“I was embraced from the moment I started,” she said.
She said she believes that students – 650 in sixth through 12th grade – must be properly prepared in high school for what awaits in college.
“My plans are to support the school-site administrators ... to increase the academic performance of the students at St. Augustine.”
That was good news for St. Aug principal Don Boucree.
“It provides me with a colleague to bounce ideas off of and reinforce the academic vision of the school,” he said. “I think she is going to be a great colleague.”
Other target areas Collins plans to address include: strengthening development by contacting alumni (numbering 7,000) and community partners to provide funding to improve academics; and giving students more competitive edge by adding advanced placement courses, swimming, soccer, lacrosse and music theory and encouraging participation in national events.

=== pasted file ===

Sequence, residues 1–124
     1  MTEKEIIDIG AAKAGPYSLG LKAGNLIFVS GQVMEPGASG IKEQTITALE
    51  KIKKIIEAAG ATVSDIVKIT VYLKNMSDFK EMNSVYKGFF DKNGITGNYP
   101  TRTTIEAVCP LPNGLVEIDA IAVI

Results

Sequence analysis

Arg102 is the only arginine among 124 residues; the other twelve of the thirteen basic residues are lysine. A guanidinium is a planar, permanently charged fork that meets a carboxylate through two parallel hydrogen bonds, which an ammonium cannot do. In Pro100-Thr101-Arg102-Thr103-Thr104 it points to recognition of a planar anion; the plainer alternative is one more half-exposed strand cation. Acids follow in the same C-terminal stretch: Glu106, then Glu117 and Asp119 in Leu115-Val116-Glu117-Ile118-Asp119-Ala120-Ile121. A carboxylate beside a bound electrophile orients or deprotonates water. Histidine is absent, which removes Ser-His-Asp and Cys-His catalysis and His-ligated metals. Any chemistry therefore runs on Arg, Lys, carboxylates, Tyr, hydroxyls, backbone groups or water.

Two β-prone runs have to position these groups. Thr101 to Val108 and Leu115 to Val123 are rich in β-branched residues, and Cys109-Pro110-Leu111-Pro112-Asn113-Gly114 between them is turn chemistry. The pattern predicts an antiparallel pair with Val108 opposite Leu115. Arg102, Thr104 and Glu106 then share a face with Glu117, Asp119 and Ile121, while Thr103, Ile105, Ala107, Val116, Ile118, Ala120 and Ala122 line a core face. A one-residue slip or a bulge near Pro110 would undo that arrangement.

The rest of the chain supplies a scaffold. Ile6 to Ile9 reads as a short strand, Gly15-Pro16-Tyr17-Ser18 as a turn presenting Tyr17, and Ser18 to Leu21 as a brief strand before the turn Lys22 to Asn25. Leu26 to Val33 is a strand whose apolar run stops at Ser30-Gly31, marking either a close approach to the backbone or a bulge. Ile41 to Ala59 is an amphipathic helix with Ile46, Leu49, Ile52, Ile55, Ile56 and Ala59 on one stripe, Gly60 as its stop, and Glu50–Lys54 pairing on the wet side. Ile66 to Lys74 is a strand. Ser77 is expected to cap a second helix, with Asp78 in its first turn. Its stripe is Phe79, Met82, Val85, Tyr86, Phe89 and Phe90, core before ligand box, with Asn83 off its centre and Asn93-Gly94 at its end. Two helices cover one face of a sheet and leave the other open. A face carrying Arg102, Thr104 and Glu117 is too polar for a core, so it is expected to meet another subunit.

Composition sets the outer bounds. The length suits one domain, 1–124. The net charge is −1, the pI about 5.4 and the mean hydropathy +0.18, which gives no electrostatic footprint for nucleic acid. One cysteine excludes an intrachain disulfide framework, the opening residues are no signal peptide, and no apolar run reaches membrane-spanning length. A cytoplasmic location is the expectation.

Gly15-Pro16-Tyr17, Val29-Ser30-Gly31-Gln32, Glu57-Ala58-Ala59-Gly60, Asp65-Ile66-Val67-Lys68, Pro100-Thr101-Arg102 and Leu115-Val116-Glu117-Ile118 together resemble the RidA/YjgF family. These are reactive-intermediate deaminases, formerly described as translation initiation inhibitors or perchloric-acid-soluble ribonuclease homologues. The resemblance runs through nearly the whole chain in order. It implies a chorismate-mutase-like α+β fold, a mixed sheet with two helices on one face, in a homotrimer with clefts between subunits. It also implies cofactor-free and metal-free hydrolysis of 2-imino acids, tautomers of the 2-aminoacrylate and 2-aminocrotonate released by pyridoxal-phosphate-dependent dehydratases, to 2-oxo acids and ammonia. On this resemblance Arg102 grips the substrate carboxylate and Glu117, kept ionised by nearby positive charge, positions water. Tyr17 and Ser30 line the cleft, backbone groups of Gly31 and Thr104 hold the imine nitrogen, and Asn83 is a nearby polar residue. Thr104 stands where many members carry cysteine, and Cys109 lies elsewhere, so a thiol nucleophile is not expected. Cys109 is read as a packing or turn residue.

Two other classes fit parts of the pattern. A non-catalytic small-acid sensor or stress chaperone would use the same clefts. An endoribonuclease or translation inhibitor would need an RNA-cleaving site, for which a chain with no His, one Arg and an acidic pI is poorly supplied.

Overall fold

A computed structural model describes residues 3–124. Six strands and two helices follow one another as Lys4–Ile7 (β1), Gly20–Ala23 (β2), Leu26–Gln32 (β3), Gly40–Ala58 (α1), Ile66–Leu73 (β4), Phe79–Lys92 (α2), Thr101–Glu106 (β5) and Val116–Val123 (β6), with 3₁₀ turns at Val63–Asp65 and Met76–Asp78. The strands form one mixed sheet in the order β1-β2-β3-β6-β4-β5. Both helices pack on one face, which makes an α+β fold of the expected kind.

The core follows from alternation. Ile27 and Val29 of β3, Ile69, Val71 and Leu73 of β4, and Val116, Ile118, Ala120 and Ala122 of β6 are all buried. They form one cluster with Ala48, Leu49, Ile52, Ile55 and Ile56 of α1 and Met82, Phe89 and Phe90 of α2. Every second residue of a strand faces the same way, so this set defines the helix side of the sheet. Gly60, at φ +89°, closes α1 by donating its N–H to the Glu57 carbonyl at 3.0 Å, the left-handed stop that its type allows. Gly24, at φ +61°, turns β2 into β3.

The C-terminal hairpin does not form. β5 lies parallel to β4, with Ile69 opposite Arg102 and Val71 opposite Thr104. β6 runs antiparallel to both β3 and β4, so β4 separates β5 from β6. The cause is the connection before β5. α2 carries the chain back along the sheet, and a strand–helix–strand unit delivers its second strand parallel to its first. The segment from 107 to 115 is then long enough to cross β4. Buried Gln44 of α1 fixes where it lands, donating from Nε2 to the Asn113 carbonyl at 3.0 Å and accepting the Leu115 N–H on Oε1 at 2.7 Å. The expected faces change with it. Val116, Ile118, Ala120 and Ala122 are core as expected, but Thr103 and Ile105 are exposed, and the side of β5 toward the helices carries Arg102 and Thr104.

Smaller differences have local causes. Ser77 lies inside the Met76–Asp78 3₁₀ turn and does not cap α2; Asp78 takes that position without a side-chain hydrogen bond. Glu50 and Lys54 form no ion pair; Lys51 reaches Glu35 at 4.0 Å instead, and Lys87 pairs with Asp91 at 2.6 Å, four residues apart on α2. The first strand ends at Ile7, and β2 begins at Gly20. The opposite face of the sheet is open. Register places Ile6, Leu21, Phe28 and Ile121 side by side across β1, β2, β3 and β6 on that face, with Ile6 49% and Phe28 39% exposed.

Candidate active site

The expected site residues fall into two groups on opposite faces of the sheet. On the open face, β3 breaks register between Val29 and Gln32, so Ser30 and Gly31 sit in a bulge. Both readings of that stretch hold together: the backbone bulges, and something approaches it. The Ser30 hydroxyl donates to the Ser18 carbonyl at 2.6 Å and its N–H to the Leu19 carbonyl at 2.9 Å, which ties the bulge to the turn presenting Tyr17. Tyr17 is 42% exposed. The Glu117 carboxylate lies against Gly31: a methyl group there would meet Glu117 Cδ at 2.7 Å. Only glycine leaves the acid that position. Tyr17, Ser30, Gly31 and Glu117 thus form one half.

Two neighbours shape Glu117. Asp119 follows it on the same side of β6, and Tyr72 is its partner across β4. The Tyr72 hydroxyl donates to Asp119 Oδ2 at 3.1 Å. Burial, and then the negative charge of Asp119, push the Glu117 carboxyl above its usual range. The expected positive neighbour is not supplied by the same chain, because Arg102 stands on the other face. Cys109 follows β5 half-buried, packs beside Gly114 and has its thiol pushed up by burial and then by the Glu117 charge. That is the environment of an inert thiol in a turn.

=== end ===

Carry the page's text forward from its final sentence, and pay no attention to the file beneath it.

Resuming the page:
A community hug
New Orleans City Councilwoman Cynthia Hedge-Morrell had worked alongside Collins as a local public school principal and lauded Collins’ innovative skills. With City Council President Jackie Clarkson, Hedge-Morrell presented Collins with a proclamation.
“This is a monumental step, the first step to bring St. Augustine to the next level,” Hedge-Morrell said. “I’m so excited because I know St. Aug is in good hands.”
“I will not let anyone down in this room or in this city,” Collins said at the press conference. “I will truly work hard to make everyone proud.”